#6. Does man return to the dust upon his death OR is he resurrected? (Gen 3:19; Eccl 3:20; Job 14:10, 12, etc. vs Dan 12:2; 1 Thess 4:15-17; 1 Cor 15:22, 15:51-52; Acts 24:15; Mk 9:1; Jn 5:28-29, 6:40; Rev 2:7)

The axiom of Genesis 3:19, “for dust you are and to dust you shall return,” and similar statements in the Hebrew Bible a human is in no way better off than an animal. Everything goes to the same place: everything comes from the dust, and everything returns to the dust (Eccl 3:20) a human being, he dies and dead he remains (Job 14:10) a human being, once laid to rest will neverRead More

#5. Is the river Gihon in Ethiopia OR the outskirts of Jerusalem? (Gen 2:13 vs 2 Chr 32:30)

Two of the four named rivers of the mythic Eden—the Tigris, Euphrates, Pishon, and Gihon—are well known. Pishon, however, cannot be identified and Gihon, whose name means “gusher,” is given two very different geographical locations in the Bible. On the one hand, Genesis 2:13 informs us that Gihon circles the land of Cush, which is Ethiopia (Gen 10:6). 2 Chronicles 32:30, however, informs us that it was a river spring nearRead More

#4. Is the origin of the Sabbath to be found in God’s rest on the 7th day OR the manner in which Yahweh gave rest to the Hebrews when they were slaves in Egypt? (Gen 2:2-3; Ex 20:8-11 vs Deut 5:12-15)

The origins of the Sabbath are obscure; there are no contemporary parallels in ancient Near Eastern practices. On the other hand, the Bible gives two contradictory accounts for its origin. Both Genesis 2:2-3 and Exodus 20:8-11 claim that its origin is because for six days Yahweh made the heavens and the earth, the sea, and everything that is in them, and he rested on the seventh day. On account of this, Yahweh blessed theRead More

#3. Which god is the creator of the heavens and the earth: Yahweh OR El? (Gen 2:4b vs Gen 14:19)

Creation myths abound in just about every culture that has conceived of a national deity or deities. The ancient Near East is certainly no exception. A vast number of creation myths exist from ancient Egypt, Mesopotamia, and Canaan.1 And many of these creation accounts display cross-fertilization of ideas and influences. This is especially true concerning the influence that both Canaan and ancient Mesopotamia exerted on Israelite culture and the emergence of itsRead More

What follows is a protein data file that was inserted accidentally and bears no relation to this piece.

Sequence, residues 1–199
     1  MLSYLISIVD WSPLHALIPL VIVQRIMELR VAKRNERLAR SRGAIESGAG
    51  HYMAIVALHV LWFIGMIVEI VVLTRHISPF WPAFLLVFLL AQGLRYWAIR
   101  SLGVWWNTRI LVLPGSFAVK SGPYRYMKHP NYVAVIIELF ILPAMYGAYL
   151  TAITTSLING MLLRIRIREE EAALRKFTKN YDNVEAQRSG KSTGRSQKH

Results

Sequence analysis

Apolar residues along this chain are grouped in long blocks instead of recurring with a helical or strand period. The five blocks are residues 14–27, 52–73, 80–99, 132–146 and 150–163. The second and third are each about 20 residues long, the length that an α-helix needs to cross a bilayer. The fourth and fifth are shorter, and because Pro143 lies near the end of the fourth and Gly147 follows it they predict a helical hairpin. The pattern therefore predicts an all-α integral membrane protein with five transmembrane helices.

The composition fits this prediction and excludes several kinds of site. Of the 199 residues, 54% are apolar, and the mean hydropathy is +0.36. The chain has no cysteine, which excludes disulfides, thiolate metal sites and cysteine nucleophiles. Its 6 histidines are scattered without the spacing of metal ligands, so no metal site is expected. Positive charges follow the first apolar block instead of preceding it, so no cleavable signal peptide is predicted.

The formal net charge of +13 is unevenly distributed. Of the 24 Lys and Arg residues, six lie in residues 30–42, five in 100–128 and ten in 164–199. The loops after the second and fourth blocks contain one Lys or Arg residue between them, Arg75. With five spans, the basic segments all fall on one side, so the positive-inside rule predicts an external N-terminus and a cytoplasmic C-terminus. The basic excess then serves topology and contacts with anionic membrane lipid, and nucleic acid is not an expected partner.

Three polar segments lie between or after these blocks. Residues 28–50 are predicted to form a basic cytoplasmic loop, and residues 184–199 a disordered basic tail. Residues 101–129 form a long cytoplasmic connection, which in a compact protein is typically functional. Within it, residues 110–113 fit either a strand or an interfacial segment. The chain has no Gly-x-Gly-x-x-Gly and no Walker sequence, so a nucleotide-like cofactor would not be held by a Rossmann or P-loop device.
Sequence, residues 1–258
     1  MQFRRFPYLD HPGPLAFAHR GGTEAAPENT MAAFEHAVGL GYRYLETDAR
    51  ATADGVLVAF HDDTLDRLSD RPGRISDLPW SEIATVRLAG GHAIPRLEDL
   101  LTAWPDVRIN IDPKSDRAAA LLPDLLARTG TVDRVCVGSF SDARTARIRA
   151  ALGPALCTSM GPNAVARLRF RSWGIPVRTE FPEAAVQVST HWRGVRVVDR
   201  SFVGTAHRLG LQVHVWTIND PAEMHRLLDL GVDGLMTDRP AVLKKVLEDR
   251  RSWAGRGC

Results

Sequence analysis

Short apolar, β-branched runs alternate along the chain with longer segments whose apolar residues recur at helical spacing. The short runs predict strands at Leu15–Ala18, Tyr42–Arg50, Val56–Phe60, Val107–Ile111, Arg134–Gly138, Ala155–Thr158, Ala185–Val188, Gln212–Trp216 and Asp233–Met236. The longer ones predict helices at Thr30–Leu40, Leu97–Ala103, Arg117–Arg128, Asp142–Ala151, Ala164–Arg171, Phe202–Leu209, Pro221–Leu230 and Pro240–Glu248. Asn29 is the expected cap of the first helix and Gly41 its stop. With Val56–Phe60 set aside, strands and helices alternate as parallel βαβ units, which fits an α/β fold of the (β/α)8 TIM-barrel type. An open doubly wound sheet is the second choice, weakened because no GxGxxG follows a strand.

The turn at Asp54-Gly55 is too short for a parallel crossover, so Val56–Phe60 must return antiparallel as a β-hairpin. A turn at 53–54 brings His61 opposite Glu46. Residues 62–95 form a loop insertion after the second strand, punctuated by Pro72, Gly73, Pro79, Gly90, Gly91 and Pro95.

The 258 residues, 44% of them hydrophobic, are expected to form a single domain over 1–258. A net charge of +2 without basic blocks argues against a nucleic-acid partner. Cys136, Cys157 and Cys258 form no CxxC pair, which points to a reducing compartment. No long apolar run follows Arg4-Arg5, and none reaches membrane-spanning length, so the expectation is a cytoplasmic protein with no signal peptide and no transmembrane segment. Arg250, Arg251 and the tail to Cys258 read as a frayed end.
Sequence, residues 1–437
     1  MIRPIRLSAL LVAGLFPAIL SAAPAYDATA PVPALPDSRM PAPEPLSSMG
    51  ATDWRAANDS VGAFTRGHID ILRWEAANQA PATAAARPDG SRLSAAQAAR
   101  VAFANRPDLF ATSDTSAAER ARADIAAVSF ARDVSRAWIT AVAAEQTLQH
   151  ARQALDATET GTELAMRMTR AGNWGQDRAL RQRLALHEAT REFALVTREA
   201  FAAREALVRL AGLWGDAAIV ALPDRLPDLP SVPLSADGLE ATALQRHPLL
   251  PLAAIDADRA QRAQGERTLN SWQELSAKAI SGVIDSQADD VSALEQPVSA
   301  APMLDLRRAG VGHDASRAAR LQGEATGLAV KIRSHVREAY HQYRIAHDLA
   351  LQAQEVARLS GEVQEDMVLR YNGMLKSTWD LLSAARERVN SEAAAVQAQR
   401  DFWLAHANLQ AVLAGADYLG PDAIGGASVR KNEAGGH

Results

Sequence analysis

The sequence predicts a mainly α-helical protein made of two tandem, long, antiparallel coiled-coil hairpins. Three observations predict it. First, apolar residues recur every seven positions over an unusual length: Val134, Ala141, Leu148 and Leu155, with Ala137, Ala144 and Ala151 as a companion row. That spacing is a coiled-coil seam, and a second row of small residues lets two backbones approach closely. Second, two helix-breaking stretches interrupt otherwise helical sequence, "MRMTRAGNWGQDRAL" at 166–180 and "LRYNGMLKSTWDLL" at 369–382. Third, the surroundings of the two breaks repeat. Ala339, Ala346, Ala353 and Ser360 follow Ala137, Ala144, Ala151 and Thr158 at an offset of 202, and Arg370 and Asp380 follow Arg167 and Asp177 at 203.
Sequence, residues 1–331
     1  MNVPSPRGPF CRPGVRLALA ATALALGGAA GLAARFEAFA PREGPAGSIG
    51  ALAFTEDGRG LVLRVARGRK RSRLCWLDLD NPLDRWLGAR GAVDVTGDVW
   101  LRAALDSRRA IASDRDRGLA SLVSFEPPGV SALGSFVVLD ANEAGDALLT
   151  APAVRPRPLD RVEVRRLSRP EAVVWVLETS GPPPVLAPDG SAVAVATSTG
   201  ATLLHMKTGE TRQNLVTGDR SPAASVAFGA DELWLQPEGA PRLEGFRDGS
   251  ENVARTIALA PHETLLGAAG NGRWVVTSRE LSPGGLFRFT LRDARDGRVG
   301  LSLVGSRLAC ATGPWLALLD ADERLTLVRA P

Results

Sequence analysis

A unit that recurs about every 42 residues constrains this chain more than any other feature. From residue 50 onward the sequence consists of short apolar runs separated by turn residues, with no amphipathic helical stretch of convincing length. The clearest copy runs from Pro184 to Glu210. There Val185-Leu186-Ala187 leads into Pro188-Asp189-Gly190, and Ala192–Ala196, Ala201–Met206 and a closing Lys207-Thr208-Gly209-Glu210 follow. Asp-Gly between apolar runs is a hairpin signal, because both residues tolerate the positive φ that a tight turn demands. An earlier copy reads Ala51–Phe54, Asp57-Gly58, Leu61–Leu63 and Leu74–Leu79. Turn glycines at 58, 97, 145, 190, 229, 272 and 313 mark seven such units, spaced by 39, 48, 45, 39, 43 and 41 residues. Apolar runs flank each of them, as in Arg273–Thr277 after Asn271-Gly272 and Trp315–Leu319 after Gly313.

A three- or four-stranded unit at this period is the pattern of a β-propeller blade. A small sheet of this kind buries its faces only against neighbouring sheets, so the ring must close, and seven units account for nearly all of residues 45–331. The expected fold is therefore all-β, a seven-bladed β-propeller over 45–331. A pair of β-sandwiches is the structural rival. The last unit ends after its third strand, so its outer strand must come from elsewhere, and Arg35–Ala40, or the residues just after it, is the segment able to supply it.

#2. Did God create the heavens and earth from the formless deep OR did Yahweh create them from the slaying of the primaeval sea monster Leviathan/Rahab? (Gen 1:1-8 vs Ps 74:13-17, 89:11-13; Job 26:12-13)

The two creation accounts that open the book of Genesis, the Priestly and Yahwist, are not the only creation stories found in the Bible. A much older mythic tale is preserved in passages from the Psalms, the book of Job, and the Prophets. In fact, there are remarkably few references in the Bible to the Priestly creation account (which perhaps attests to its late date of composition), while conversely, there areRead More

#1a. Does God create the heavens and the earth, then plants, then animals, and then both male and female in his image OR does Yahweh form man from the ground first, then plants, then animals, and then woman last from man’s rib? (Gen 1:1-2:3 [P] vs Gen 2:4b-23 [J])
#1b. Does God create the earth and the heavens on the same day OR not? (Gen 2:4b [J] vs Gen 1:6-9 [P])
#1c. Is both man and women created in the image of God OR is man formed from the ground and is a “living being” like other animals, and women formed from man? (Gen 1:27 [P] vs Gen 2:7, 2:21-23 [J]; 1 Cor 11:9; 1 Tim 2:13)
#1d. When is all the vegetation created: after the animals, man, and woman are created OR before the animals and woman are created? (Gen 1:29 [P] vs Gen 2:9 [J])
#1e. Does God declare all the vegetation and trees as food for the primordial pair OR does Yahweh command that one of the trees not be eaten from? (Gen 1:29 [P] vs Gen 2:17 [J])

Ancient and modern readers alike have long recognized the stark differences between the seven-day creation account of Genesis 1:1-2:3 and the latter garden of Eden account of Genesis 2:4b-3:24. Even on stylistic grounds noticeable in an English translation, the first creation account, penned by the Priestly writer,  is lofty, formulaic, structured, heaven-centered, and awe-inspiring with its image of an utterly transcendent and impersonal creator deity who brings creation and order intoRead More